Book Announcement: License to Play: The Ludic in Japanese Culture

LTPLicense to Play: The Ludic in Japanese Culture 

(University of Hawai’i Press, 2014).

Publisher’s summary:

Play is one of the most powerful cultural forces in contemporary Japan and in other late modern societies. In this notable contribution to our understanding of play, Michal Daliot-Bul explores the intricate and dynamic transformations of culture and play (asobi) in Japan. Along the way, she takes readers on a theoretically informed journey to better comprehend what makes play a significant cultural function, asking such questions as “How can we explain the dialectics between play as a biological instinct and play as a culturally specific activity? What defines the best player? How is creativity related to play? What is the difference between play and playfulness? Are some cultures more play-oriented than others, and if so, why?” Daliot-Bul argues that the cultural meaning of play and its influence on sociocultural life are not inherent properties of a fixed, universal behavior called play but rather are conditioned by changing cultural contexts and competing social ideologies.

Spanning Japan’s premodern period to the twenty-first century, the extent and expressions of play described in this book become thought-provoking lenses through which to view Japanese social dynamics and cultural complexities. As she approaches the post-industrialized 1970s in Japan, Daliot-Bul’s narrative also explores urban consumer culture as a system for organizing daily life, the tension between institutional and  contemporary popular cultures, the production of new gender identities, and the cultural construction of urban space.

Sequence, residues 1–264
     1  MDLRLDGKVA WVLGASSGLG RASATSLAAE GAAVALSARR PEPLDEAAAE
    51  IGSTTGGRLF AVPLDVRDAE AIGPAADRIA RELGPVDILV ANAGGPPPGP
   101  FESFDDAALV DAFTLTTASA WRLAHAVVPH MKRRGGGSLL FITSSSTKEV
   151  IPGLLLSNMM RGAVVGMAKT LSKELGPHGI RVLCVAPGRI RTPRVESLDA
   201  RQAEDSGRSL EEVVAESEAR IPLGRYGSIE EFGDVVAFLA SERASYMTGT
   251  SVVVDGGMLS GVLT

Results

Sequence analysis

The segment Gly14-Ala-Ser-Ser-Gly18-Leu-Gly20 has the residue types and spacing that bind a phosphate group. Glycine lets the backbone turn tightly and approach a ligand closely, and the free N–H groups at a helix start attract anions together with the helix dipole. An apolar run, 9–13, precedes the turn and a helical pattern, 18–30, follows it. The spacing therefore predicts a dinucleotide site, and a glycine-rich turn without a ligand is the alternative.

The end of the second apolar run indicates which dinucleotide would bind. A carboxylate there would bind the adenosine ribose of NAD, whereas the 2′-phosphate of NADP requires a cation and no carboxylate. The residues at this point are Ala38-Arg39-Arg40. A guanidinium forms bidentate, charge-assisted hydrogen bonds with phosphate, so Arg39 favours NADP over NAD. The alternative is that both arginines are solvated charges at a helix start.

Readership:

License to Play will appeal to scholars and students specializing in cultural studies, cultural anthropology, and Japanese studies. Given the global fascination with Japanese popular culture and with play-like pleasures in late consumer cultures, the book will also find a readership among those interested in Japan in general and in the universal phenomenon of play.

For more information: http://www.uhpress.hawaii.edu/p-9226-9780824839406.aspx

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About Paula

Paula lives in the vortex of graduate life. She studies medieval Japanese history.
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